If you’ve noticed that you need administrator permissions to run a CMD command that deals with essential system files or settings.

You receive the message “You must be an administrator running a console session in order to run the SFC Utility” in this situation when you attempt to run the “sfc /scannow” command.

You Must be an Administrator Running a Console Session in Order to Use the SFC Utility.

From this point, it is clear that authority is required in order to control the PC’s system settings. We’ll talk about administrator permissions-related issues in this article. How does it impact sessions on the console? And how can this problem be resolved?

You Must Be An Administrator Running A Console Session Error: What Is The Cause?

When you attempt to access or modify system files using a command, an error occurs. Press the Enter key if the Command Prompt is opened by double-clicking or by simply typing “cmd” into the search box.

The CMD will then be launched in regular mode. Any command that modifies system files or settings will be unusable in normal mode. And the message “You must be an administrator running a console session” will be displayed.

What Are The Requirements To Run The SFC Command As An Administrator In A Console Session?

You must first have a foundational understanding of the SFC utility. SFC, or System File Checker, stands for. In addition to DISM commands, the system file checker tool is used to scan for and repair corrupt system files.

SFC deals with system files and plays with them because it performs a system scan for damaged files. Furthermore, we learned from the previous section that access to system files requires administrative privileges. System files are scanned and fixed using the SFC tool.

Is Administrator Mode in the Command Prompt or “Run As Administrator” Safe?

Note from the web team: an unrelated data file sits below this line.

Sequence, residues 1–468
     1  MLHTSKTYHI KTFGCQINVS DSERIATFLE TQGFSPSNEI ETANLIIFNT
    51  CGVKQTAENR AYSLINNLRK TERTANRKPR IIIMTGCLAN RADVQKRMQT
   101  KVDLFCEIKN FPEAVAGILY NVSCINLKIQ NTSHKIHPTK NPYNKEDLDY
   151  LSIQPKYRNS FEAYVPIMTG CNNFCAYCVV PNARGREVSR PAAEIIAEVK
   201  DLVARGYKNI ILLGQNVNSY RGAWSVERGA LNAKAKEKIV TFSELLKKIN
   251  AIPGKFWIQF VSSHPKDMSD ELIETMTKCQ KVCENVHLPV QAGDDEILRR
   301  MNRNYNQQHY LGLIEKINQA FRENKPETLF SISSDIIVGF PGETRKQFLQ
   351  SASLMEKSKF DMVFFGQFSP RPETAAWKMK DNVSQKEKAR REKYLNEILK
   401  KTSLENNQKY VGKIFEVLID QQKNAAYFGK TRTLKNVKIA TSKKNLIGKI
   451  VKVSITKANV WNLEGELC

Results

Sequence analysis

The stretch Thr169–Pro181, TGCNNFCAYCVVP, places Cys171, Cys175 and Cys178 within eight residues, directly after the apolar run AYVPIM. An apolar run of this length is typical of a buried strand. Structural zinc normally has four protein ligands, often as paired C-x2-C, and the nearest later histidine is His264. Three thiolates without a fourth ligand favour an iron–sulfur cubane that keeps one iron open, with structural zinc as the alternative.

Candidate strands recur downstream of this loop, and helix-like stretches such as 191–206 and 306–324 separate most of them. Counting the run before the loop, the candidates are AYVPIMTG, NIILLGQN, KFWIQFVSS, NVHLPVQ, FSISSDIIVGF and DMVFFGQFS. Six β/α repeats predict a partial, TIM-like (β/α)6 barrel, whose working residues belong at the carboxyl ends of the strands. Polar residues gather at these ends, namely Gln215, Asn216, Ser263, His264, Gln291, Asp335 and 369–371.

By default, the PC will run apps in user mode to shield the system settings from potential threats. Therefore, you are granting the Command Prompt special permissions to modify the system when you launch it in administrator mode.

Depending on the actions, it might also be harmful to the computer, but occasionally using administrator rights is required for a certain programme or utility to function.

Ways to Fix An Administrator Must Be Running A Console Session.

Method 1: Start the Command Prompt in Administrator Mode (Admin Mode)

  • To open the Start Menu, click the Windows Start button.
  • Enter “cmd” after typing it in the search box.
  • Right-click the Command Prompt option in the search result box and select “Run as administrator.”
  • Alternatively, you can choose the Command Prompt option and then press “Ctrl + Shift + Enter.”
  • Click Yes when the UAC (User Account Control) window appears.

Method 2: Create a Shortcut to the Elevated Command Prompt on Your Desktop.

You can also set a configuration so that the Command Prompt always opens in administrator mode.

  • the CMD location should be opened.
  • In the Start menu’s search box, enter “cmd.” Next, right-click the returned option and choose “Open file location.”
  • Access the Accessories menu by going to Start > All Programs > Older Windows.
  • Send the CMD shortcut to your desktop screen at this point. Click the CMD with your right mouse button, then click Desktop (create shortcut).
  • On the CMD shortcut version, right-click. Select Properties next.
  • Click the Advanced button after switching to the Shortcut tab.
  • Tick the “Run as administrator” box in the “Advanced properties” window.
  • After clicking “Ok,” save the changes by clicking “Apply.”


Windows system files must be handled with administrator rights. Thus, attempting to execute commands like “sfc scannow” or “DISM scan” will result in the output shown below. To run a console session, you must be an administrator. You must enter the CMD in administrator mode in this situation.

Launch CMD(Admin) using the “Run as administrator” option to gain access to it. Alternately, if your job necessitates frequent access to CMD(Admin), you can create a shortcut to CMD on your desktop and set elevated CMD as the default. By doing this, the CMD will always be opened as an administrator.